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Regulating Anticompetitive Conduct in India - A Growing Trend

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Regulating Anticompetitive Conduct in India - A Growing Trend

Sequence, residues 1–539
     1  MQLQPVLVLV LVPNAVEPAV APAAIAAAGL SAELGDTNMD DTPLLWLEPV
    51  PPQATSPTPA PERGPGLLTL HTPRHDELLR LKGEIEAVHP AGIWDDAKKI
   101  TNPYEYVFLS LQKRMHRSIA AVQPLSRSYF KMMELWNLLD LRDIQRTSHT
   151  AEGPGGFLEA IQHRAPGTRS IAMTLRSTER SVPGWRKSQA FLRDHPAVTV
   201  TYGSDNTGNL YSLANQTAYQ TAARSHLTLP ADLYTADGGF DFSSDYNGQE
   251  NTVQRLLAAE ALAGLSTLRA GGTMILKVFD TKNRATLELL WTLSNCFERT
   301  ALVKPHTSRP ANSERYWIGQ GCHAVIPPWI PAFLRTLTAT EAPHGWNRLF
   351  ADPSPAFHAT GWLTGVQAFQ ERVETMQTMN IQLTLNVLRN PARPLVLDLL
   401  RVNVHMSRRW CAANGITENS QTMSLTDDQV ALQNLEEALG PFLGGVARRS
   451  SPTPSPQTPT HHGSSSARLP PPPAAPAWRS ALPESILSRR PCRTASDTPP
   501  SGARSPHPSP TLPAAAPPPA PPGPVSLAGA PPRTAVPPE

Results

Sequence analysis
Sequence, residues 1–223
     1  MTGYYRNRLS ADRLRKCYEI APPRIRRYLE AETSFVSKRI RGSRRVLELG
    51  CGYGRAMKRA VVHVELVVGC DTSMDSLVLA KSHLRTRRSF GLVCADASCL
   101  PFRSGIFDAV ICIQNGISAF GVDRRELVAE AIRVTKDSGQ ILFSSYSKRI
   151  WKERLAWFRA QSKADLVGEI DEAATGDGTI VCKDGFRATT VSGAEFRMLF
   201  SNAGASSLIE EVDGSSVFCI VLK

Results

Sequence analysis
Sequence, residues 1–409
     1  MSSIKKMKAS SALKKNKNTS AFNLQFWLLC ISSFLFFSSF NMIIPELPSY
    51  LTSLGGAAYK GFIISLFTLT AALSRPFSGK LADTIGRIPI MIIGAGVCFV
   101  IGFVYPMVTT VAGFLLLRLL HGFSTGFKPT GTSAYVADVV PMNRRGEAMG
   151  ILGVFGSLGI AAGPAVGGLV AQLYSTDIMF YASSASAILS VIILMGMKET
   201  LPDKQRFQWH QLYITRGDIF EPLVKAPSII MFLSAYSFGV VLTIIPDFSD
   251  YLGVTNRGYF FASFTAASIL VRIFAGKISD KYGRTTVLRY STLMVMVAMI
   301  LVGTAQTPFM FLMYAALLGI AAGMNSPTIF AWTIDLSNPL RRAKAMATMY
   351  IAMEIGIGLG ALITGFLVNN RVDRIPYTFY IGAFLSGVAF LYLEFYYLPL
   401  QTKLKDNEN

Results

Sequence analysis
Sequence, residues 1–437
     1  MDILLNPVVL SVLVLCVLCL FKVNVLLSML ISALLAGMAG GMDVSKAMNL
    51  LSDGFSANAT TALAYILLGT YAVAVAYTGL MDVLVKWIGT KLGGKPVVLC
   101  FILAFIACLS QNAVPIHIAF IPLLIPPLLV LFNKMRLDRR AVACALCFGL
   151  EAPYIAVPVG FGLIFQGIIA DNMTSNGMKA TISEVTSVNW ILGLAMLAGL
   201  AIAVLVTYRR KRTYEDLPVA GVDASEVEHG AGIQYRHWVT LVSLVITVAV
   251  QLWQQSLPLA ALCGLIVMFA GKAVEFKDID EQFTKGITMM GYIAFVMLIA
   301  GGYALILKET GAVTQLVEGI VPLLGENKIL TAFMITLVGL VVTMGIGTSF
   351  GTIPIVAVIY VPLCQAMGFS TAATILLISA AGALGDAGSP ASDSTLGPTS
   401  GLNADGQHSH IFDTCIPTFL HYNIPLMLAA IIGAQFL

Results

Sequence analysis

1. 1. INFORMER | ISSUE 25 39 REGULATING ANTICOMPETITIVE CONDUCT IN INDIA: A GROWING TREND By Namrata Khemchandani Doing business in India has become increasingly challenging over the years. This is evident from the 2013-14 Global Competitiveness Report of the World Economic Forum, which shows that India has fallen 15 places in the rankings of 148 economies since 2006. It now holds the 60th position, behind all the BRICS nations, except for Russia1 . REUTERS/Denis Datta